Each packet transmitted as part of the TCP communications session between the computer systems includes a TCP header portion that identifies, among other things, connection information for that packet. For example, the connection information includes sequence number information that identifies the current byte count of bytes transmitted from a computer system. In another example, the connection information also includes acknowledgment number information that provides an acknowledgment to the other computer system of how many bytes have actually been received by a computer system. Accordingly, a computer system involved in a TCP communications session can use acknowledgment and sequence number information to detect corrupted or lost data in the communications session.

If a computer system involved in a TCP communications session transmits a packet containing a valid TCP header and that packet experiences corruption (e.g., an error or change in the packet information is introduced during its transmission) as it travels through the computer network from the sending computer system to a recipient computer system, the communications session state maintained by the sending and recipient computer systems can be used by TCP to detect this disruption using the connection information. It may be the case, for example, that a noisy transmission link over which the packet traveled on route to the recipient computer system altered one or more bits settings within the packet or introduced additional data into the packet or removed existing data within the packet. As a result, the recipient computer system might detect a checksum error or alternatively, might detect that the sequence number specified in the TCP header for that packet does not properly correspond with the number of bytes received in a packet.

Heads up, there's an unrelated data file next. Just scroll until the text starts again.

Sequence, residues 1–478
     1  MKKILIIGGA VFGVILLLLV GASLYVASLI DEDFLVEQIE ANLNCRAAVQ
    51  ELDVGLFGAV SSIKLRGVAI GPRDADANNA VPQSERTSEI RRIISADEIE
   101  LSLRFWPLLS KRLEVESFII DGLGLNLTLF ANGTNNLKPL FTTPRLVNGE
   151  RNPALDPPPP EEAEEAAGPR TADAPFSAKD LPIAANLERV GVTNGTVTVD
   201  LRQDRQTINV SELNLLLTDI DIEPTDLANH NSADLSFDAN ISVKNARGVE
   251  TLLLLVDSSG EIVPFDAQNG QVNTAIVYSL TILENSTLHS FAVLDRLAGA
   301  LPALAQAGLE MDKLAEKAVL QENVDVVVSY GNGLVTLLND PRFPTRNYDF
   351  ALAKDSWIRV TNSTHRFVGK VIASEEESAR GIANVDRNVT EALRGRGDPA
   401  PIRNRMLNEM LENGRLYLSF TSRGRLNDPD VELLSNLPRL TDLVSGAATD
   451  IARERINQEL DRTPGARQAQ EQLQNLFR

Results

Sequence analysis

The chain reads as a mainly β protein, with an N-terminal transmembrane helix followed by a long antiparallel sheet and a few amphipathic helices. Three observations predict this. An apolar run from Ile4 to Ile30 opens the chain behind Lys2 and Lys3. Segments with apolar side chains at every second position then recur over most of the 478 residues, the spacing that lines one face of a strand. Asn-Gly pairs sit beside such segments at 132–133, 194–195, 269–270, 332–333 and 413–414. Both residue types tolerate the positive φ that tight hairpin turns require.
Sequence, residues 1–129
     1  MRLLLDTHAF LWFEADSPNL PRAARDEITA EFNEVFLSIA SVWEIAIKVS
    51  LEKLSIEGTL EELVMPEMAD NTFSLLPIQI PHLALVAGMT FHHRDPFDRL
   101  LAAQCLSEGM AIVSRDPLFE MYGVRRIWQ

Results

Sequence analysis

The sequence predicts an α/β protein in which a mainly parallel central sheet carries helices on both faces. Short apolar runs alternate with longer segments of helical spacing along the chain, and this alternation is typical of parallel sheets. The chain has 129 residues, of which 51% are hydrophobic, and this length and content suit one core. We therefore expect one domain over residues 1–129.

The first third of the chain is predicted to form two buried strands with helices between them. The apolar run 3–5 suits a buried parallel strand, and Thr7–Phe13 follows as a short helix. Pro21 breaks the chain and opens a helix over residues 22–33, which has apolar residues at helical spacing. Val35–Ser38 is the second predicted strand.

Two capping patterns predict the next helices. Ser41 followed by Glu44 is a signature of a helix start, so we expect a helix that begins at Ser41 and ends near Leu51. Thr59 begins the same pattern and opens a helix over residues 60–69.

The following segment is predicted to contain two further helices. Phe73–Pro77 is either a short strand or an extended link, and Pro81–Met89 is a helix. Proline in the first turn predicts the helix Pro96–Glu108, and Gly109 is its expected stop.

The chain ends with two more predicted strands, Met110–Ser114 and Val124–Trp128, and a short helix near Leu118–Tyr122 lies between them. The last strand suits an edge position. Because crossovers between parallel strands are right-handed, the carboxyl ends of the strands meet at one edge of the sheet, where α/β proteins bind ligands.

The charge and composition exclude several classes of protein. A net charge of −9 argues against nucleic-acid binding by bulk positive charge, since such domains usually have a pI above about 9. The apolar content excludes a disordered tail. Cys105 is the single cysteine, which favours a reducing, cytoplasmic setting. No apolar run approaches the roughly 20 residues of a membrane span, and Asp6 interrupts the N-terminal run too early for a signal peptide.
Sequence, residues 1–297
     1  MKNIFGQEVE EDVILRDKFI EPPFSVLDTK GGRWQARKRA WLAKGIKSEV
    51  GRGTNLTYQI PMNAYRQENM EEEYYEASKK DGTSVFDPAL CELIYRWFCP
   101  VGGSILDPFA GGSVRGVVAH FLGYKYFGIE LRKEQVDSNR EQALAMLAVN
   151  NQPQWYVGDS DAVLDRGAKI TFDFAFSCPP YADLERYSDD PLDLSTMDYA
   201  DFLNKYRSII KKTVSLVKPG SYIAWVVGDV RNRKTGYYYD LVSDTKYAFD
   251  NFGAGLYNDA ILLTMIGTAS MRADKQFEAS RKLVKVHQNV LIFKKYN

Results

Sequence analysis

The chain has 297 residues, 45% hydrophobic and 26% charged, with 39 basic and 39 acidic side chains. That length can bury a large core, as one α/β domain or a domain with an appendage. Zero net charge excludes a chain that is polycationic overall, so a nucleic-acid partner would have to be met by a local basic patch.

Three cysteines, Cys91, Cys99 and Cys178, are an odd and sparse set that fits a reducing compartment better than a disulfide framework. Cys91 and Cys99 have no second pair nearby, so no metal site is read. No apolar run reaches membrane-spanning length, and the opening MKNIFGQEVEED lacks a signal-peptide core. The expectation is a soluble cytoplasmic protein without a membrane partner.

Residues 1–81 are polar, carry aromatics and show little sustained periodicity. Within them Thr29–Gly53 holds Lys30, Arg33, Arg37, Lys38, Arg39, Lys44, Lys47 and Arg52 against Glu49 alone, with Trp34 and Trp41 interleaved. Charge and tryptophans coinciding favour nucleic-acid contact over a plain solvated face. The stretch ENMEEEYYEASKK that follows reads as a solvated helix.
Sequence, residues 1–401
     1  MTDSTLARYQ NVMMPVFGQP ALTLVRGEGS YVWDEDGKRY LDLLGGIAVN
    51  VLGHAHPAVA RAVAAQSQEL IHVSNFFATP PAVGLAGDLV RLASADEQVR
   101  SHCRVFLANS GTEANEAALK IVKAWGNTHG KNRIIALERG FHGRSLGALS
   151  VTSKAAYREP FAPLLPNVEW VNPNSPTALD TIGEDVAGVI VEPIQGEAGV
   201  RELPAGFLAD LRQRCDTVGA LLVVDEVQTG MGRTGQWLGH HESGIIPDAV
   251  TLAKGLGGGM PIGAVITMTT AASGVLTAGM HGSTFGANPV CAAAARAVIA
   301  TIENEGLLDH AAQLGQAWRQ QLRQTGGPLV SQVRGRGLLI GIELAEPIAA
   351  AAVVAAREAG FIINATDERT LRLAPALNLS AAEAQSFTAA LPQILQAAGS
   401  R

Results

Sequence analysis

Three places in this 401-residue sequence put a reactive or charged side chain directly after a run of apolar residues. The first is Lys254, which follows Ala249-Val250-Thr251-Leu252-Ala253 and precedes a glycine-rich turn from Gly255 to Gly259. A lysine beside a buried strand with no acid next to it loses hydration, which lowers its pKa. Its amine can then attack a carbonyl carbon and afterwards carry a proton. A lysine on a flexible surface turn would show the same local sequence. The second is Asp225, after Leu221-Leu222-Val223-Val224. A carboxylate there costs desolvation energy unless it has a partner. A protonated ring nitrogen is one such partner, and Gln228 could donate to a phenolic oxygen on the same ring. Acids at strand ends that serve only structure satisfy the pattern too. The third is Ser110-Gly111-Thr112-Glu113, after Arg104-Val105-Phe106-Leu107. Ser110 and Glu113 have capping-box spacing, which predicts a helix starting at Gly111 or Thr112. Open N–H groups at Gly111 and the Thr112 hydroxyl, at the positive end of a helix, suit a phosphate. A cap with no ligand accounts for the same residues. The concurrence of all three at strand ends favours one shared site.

SUMMARY OF THE INVENTION